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#HonestAmy review at Pleasance Dome, Edinburgh – ‘candid solo show about cancer battle’

Amy Booth-Steel in #HonestAmy at Pleasance Dome, Edinburgh. Photo: Richard Southgate
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Amy Booth-Steel has been through the mill. A successful jobbing actor and a popular member of the theatre community, the trajectory of her life and career changed in 2014 when she was diagnosed with stage 3 cancer.

Thankfully now clear of the disease, in #HonestAmy Booth-Steel speaks candidly about the illness and the subsequent mental and social problems that manifested as a result.

There are no shortage of confessional shows on the fringe, but Booth-Steel’s is a class act, filled with warmth, honesty and outstanding comic timing.

The humour may be mostly self-deprecating but the byword here is honesty. Booth-Steel tells it like it is, whether she’s fighting off mental-health demons, braving the indignity of illness or simply enduring terrible online dates.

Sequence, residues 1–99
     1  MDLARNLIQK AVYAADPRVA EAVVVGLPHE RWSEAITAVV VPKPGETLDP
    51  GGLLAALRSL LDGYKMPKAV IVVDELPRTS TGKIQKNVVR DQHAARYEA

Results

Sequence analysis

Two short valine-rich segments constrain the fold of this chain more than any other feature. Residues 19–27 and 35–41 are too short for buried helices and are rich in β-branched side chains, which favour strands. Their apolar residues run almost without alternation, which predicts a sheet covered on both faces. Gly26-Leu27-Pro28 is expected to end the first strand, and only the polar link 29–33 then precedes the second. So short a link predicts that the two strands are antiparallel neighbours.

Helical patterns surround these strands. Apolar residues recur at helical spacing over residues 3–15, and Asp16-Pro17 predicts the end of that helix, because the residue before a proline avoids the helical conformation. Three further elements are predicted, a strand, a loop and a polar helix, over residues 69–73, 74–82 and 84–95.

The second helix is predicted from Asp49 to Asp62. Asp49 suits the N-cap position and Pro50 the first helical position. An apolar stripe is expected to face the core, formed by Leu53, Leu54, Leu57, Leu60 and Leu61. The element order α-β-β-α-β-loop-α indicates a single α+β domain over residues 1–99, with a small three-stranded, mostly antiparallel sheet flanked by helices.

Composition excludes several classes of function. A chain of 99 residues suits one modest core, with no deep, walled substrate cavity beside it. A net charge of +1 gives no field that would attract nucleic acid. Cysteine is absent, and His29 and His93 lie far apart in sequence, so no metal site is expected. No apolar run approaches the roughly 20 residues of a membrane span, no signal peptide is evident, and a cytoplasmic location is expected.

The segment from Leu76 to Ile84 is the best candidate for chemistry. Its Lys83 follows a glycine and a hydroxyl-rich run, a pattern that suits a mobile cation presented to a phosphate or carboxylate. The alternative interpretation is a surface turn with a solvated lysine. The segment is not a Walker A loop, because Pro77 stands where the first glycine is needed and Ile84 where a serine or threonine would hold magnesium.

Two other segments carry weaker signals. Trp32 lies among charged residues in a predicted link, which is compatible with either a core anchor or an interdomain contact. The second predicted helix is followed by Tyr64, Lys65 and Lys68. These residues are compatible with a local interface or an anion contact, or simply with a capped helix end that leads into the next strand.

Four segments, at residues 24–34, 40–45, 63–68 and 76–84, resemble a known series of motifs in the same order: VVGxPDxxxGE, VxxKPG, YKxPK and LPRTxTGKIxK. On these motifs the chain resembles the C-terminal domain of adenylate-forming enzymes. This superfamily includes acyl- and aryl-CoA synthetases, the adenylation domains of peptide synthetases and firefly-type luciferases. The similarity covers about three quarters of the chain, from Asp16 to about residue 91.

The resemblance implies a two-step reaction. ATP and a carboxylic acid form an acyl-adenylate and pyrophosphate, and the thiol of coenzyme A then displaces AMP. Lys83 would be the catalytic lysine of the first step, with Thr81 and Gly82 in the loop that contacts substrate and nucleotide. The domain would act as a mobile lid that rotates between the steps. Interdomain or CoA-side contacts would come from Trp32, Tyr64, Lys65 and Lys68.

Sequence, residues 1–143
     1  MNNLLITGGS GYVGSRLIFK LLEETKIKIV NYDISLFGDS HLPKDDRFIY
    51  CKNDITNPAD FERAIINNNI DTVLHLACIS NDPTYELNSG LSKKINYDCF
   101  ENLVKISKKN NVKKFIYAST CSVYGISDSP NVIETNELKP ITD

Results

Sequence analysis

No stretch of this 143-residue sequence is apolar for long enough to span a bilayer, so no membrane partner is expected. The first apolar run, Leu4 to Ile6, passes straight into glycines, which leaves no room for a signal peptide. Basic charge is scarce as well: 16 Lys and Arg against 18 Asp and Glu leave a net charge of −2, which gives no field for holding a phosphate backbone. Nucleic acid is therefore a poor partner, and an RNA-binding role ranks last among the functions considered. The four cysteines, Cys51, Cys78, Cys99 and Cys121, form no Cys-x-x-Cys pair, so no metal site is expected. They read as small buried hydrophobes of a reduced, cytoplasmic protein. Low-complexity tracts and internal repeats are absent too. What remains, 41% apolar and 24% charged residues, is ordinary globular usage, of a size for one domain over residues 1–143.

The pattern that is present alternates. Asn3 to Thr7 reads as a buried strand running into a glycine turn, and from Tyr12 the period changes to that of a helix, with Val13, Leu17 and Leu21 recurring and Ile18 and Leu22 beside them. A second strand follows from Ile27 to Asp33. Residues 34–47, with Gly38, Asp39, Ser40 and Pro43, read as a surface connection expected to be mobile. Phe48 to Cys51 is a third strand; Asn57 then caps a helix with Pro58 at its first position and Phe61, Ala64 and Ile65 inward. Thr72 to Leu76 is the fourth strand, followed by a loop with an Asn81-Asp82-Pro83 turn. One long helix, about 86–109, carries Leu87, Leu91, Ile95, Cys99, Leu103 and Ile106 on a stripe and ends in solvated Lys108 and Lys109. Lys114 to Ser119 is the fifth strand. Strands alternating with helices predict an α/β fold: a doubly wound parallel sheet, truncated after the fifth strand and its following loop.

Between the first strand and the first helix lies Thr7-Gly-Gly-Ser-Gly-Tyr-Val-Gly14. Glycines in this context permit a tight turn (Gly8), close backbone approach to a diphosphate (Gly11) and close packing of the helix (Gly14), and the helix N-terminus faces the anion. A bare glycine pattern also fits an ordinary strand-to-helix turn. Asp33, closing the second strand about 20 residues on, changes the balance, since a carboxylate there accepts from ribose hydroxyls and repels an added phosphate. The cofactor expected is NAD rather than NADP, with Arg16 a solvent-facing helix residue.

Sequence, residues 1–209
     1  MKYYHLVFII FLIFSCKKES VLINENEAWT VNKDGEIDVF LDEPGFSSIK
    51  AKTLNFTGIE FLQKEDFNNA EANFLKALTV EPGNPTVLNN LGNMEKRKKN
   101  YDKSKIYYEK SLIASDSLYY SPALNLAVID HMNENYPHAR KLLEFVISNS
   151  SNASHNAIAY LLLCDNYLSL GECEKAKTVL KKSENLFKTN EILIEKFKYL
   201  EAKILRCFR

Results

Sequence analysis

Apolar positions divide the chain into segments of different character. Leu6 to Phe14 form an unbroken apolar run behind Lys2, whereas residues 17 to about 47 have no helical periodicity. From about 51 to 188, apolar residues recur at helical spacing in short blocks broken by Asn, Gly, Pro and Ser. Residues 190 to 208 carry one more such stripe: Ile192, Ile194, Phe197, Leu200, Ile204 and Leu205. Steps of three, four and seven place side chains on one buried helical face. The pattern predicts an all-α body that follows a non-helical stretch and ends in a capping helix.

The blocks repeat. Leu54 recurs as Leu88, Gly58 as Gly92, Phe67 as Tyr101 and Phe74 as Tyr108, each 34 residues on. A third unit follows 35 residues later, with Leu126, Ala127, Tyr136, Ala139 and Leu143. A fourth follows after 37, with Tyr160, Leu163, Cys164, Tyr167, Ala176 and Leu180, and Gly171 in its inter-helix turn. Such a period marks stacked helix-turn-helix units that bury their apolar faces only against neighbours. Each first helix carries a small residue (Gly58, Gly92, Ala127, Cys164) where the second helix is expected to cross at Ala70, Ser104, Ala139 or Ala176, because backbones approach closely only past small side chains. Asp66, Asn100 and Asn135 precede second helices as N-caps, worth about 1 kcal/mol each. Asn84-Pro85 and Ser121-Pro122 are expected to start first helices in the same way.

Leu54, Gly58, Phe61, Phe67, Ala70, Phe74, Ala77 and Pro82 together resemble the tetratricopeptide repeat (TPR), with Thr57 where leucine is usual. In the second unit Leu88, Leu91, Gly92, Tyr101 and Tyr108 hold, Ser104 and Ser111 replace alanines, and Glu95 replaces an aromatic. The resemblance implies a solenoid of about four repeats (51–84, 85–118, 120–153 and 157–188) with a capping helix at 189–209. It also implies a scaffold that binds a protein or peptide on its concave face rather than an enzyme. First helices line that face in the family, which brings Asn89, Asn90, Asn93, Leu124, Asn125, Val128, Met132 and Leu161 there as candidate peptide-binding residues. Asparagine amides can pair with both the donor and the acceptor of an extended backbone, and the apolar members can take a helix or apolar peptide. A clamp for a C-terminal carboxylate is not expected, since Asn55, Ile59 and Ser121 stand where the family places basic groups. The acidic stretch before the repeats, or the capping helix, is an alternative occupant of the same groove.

Following her diagnosis, the performer took up playing the ukulele and, despite admitting her own limitations on the instrument, its gentle sound provides a melancholic lilt to the comedy.

Kathy Burke proves an understanding and intelligent director, knowing from first-hand experience the importance of truth in any comic endeavour.

Add to this Alistair Lindsay’s smart, empathetic lighting design and #HonestAmy chimes perfectly with the fringe’s current focus on the need for self-care and well-being.

Kathy Burke to direct new play as part of Frantic Assembly 25th anniversary programme

 

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Verdict
Uplifting confessional song cycle delivered with warmth and style
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